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1 of 1 people found the following review helpful By Stephanie Hoina on March 11, 2008
Format: Hardcover
This is a really sweet book and a story everyone can relate to. When Woolbur's parents tell him he needs to change his ways and he thinks and thinks and thinks about it - and then decides to bring everyone into HIS world, it is such a great moment, you want to cheer "good for you". We've all been there. It's not easy to find the courage to embrace who we are. A nice subtle lesson for kids and grown up alike! And really beautiful, engaging illustrations. Woolbur is pretty darn cute!
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Format: Hardcover
Woolbur begins when Maa tells Paa that Woolbur decided to run with the dogs, instead of standing still with the sheep. When Maa and Paa express their concern that those dogs will run circles around him. Woolbur replies, "I know, isn't it great!"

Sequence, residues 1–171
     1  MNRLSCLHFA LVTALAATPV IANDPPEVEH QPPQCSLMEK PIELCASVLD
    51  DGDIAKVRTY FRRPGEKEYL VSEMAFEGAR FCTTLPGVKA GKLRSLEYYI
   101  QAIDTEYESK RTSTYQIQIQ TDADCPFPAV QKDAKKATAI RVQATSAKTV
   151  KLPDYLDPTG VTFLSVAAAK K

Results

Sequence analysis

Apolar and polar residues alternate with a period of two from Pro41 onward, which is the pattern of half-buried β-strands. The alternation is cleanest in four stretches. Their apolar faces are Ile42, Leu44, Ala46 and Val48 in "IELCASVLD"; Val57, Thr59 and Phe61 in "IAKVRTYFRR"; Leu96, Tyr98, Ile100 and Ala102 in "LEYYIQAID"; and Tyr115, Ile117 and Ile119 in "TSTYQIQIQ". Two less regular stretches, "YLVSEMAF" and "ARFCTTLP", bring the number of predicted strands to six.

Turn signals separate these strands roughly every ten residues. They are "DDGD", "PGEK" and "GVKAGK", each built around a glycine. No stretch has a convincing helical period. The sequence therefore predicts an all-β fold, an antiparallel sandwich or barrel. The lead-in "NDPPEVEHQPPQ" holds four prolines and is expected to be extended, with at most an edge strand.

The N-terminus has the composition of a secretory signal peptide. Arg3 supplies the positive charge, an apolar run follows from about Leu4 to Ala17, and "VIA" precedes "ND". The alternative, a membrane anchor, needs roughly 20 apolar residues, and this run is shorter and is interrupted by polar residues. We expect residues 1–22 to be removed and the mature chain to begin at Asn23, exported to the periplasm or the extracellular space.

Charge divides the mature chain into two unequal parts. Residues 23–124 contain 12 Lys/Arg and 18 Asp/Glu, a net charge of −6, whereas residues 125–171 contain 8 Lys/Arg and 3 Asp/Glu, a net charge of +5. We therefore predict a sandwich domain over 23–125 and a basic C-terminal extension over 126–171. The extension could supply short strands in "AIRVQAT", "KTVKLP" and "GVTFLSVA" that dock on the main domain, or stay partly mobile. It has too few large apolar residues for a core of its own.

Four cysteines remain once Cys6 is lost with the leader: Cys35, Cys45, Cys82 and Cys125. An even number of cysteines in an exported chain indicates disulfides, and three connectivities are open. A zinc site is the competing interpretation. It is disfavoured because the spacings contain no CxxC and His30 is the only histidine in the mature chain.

Then Woolbur has a little trouble in the shearing barn, when he decides not to be sheared like the other sheep. Once again, Maa and Paa tell him that it's springtime and that his wool is so long. And again Woolbur replies, "I know, isn't it great!"

The story continues with Woolbur doing things his own way when it comes time for the sheep to card their wool, spin it and weave it. In one of his bolder moves, he weaves his forelock in the loom. All the while, loving every minute of it. Finally Maa and Paa sit him down and tell him that he must follow the flock, because it's what sheep do. They tell him he has to shear, card, spin, dye and weave wool like everyone else.

So Woolbur thinks about this all night long, and comes up with a plan.

His solution is to teach all the other sheep to run with the dogs, to let their wool grow, to card their own wool, to spin crazy yarn, to experiment with color and to weave their own forelocks. Soon all of the other sheep are acting just like Woolbur. Although even as the other sheep follow him, he still manages to be one of a kind. Woolbur is a great book for kids who march to their own beat (and for those who tend to stay with the flock).

The illustrations in Woolbur are accessible, funny and sure to draw kids in. These sheep are not just ordinary sheep; they have personalities. Even the ones in the flock, who tend to stay in the background, have lots of detail.